abarognosis (s) (noun)
, abarognoses (pl)
A conscious loss of being able to appreciate the weight of objects held in the hand, or to differentiate objects of different weights: When Sarah went to the grocery store, she found that the abarognosis
in her hands made it difficult for her to even estimate how heavy the pineapple she wanted to buy was.
Larry almost dropped the heavy vase that was in his hand because of his abarognosis.
The doctor was not able to determine the cause of Claude's abarognosis or why he couldn't feel the empty glass in his hand.
abdominal aponeurosis (s) (noun)
, abdominal aponeuroses (pl)
The conjoined sheet-like tendons of the oblique and transverse muscles of the abdomen: In Susan's class at college she learned about abdominal aponeurosis and why the fibrous membrane was necessary for the functions to the body.
acanthosis (s) (noun)
, acanthuses (pl)
A disease of the prickle cells in the skin: Acanthosis is abnormal, benign, and appears thickened with a gray, brown, or black pigmentation, as in eczema and psoriasis.
acarine dermatosis (s) (noun)
, acarine dermatoses (pl)
An eruption of the skin caused by mite parasites: When Jane saw the very serious rash on her arm, she went to her doctor who diagnosed it as being a case of acarine dermatosis and told her to make sure that her pet dog was treated for mites.
acarinosis (s) (noun)
, acarinoses (pl)
Any disease caused by mites: Scrabies is termed as a case of acarinosis and is caused by the presence of parasitic mites, which belong to the Acarida.
acariosis (s) (noun)
, acarioses (pl)
Infestation with ticks or mites: After the veterinarian examined Judy's dog, Dr. Simmons said that it had a case of acariosis and gave her medication to cure the state of it being overrun by parasites.
1. A condition of the blood in which the alkali reserve is lower than normal.
2. An abnormal increase in the acidity of bodily fluids due to either acid accumulation or bicarbonate depletion.
Strictly speaking, the term acidemia would be more appropriate to describe the state of low blood pH, reserving acidosis to describe the processes leading to these states; however, most physicians use the terms interchangeably.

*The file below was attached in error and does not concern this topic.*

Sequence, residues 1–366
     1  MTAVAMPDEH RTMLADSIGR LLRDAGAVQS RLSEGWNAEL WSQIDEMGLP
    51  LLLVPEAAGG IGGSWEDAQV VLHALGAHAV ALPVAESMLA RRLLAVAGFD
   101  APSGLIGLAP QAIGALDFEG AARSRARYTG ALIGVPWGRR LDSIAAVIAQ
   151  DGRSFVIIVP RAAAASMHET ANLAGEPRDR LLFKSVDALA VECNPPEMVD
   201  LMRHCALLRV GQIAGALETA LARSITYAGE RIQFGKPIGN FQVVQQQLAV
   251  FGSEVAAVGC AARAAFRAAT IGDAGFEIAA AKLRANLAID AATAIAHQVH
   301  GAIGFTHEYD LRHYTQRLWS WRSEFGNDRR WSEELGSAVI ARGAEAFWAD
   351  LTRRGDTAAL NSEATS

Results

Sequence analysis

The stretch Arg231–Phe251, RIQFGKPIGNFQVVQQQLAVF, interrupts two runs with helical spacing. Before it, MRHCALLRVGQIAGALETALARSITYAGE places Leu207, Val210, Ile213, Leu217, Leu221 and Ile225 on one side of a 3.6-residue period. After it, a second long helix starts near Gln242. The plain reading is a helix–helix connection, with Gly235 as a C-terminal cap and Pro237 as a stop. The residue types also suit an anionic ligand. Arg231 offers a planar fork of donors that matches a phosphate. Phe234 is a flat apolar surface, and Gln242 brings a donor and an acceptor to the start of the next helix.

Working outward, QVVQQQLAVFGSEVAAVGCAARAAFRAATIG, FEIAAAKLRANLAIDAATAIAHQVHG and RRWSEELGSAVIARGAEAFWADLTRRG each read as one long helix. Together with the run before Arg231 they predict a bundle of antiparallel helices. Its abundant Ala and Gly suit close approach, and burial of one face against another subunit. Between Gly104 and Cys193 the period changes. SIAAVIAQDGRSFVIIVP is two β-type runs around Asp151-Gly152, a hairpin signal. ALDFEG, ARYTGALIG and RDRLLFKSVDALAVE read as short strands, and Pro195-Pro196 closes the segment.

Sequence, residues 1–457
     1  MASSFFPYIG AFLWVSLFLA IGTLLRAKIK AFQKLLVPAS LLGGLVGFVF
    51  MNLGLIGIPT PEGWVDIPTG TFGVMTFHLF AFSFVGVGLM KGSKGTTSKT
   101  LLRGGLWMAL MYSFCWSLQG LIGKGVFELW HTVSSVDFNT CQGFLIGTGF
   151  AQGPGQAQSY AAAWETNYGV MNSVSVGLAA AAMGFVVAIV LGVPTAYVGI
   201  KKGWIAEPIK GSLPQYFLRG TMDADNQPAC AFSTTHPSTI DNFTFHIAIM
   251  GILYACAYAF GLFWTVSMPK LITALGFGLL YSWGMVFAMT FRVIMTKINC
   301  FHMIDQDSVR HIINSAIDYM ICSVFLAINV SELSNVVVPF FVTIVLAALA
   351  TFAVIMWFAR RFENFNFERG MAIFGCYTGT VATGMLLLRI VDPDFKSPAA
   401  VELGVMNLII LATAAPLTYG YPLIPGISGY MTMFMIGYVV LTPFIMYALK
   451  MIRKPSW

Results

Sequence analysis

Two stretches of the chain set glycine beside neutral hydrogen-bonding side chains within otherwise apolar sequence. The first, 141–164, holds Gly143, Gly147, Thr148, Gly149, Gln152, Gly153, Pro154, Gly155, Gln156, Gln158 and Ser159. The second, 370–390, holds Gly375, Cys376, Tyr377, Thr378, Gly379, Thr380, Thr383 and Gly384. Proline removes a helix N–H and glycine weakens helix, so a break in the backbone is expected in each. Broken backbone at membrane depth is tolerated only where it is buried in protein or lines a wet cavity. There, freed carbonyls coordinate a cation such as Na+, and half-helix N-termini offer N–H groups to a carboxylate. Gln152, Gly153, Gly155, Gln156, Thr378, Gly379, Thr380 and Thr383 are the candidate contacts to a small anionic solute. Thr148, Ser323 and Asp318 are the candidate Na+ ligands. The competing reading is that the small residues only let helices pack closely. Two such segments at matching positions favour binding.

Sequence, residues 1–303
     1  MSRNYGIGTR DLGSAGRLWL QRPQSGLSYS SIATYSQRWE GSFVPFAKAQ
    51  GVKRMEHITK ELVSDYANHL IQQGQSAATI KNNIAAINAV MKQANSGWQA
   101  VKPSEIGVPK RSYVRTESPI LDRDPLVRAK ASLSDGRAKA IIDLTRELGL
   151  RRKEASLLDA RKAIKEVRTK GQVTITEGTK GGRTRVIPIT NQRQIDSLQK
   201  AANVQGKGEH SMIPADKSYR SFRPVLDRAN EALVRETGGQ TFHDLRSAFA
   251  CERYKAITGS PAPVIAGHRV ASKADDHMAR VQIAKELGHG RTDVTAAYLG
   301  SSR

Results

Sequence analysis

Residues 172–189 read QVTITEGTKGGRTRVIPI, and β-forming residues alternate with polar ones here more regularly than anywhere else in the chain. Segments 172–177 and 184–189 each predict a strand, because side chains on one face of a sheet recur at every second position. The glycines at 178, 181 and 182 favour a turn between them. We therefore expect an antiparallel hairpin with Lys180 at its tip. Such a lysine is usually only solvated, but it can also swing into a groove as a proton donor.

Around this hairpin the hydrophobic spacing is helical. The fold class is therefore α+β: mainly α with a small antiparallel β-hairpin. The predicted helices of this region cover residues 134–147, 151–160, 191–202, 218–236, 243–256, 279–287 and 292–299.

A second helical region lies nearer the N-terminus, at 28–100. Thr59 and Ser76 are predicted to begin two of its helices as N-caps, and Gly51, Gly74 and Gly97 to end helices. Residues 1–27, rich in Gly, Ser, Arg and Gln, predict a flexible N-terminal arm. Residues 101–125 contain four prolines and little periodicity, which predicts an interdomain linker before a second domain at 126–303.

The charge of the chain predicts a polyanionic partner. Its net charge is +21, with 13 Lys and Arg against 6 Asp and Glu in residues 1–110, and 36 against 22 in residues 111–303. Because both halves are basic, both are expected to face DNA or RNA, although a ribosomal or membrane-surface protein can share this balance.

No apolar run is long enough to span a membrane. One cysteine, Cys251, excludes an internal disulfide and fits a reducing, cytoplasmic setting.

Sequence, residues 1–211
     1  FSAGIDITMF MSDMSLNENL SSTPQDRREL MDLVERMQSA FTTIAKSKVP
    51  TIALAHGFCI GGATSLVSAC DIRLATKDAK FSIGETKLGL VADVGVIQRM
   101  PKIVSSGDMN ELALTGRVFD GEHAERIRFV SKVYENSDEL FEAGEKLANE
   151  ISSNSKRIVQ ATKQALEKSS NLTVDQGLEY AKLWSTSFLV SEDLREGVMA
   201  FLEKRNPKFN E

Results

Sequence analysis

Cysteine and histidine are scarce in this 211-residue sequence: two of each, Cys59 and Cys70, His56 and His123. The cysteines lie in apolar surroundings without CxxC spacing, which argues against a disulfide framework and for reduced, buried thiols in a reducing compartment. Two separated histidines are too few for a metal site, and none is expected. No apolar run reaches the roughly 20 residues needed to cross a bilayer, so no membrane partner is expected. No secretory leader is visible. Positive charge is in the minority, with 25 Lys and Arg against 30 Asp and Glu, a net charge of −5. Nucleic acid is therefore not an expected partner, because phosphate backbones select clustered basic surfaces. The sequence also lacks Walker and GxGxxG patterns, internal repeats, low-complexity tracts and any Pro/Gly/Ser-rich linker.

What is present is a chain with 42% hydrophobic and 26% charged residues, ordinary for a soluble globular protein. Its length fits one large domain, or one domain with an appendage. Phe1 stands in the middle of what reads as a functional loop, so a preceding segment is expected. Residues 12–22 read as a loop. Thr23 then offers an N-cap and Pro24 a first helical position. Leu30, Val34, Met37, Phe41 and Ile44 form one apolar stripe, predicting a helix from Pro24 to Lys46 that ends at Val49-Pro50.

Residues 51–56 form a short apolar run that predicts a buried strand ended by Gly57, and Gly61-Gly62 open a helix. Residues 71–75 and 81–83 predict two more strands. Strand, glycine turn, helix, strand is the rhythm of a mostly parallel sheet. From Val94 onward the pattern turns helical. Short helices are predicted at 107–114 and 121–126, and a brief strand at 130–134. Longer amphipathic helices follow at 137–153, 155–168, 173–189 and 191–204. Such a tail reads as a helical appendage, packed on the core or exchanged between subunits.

Too much acid in the body is a distinctly abnormal condition resulting from the accumulation of acid or from the depletion of alkaline reserves.
In acidosis, the pH of the blood is abnormally low and is associated with diabetic ketoacidosis, lung disease, and severe kidney disease.
The opposite of acidosis is alkalosis in which there is too high a pH factor due to an excess base or insufficient acid in the body.
acrodermatosis (s) (noun)
, acrodermatoses (pl)
Any disease involving the skin of the hands or feet.
A disorder in which the hands and feet are short with stubby fingers and toes: "With acrodysostosis growth, retardation is progressive and mental retardation and marked nasal hypoplasia, or underdevelopment, is also present."
Hyperhidrosis (excessive sweating) of the hands and feet.
Overgrowth of the horny layer of the skin, usually nodular configurations, of the dorsum of the fingers and toes, and occasionally on the rim of the ear and tip of the nose.
A fungal infection of the limbs.
Any neuropathy of the extremities.
Pustular (small circumscribed elevation of the skin, containing purulent material) eruptions of the hands and feet, often a form of psoriasis.
1. An infectious disease of cattle, domestic animals, and occasionally humans, resembling actinomycosis and caused by the bacterium Actinobacillus lignieresii.
2. A disease characterized by suppurative (causing pus) and granulomatous (inflammatory) lesions (abnormality of the skin or organs) in the respiratory tract, upper alimentary tract, skin, kidneys, joints, and other tissues.
Actinobacillus lignieresii infects cattle and sheep while actinobacillosis Equuli infects horses and pigs.
Actinobacillosis affects the soft tissues, often the tongue and cervical lymph nodes, where granulomatous swellings form and eventually break down to form abscesses.